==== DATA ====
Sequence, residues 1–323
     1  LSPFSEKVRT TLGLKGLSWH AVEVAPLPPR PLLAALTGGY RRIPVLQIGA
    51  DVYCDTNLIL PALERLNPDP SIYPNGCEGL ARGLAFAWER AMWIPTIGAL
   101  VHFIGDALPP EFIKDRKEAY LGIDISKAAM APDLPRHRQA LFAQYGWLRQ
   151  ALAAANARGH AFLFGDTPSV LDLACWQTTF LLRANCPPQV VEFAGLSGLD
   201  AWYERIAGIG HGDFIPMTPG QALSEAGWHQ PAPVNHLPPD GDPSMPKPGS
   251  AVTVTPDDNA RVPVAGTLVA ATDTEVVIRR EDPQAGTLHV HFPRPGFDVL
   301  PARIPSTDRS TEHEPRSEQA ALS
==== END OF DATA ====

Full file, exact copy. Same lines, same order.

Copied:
Sequence, residues 1–323
     1  LSPFSEKVRT TLGLKGLSWH AVEVAPLPPR PLLAALTGGY RRIPVLQIGA
    51  DVYCDTNLIL PALERLNPDP SIYPNGCEGL ARGLAFAWER AMWIPTIGAL
   101  VHFIGDALPP EFIKDRKEAY LGIDISKAAM APDLPRHRQA LFAQYGWLRQ
   151  ALAAANARGH AFLFGDTPSV LDLACWQTTF LLRANCPPQV VEFAGLSGLD
   201  AWYERIAGIG HGDFIPMTPG QALSEAGWHQ PAPVNHLPPD GDPSMPKPGS
   251  AVTVTPDDNA RVPVAGTLVA ATDTEVVIRR EDPQAGTLHV HFPRPGFDVL
   301  PARIPSTDRS TEHEPRSEQA ALS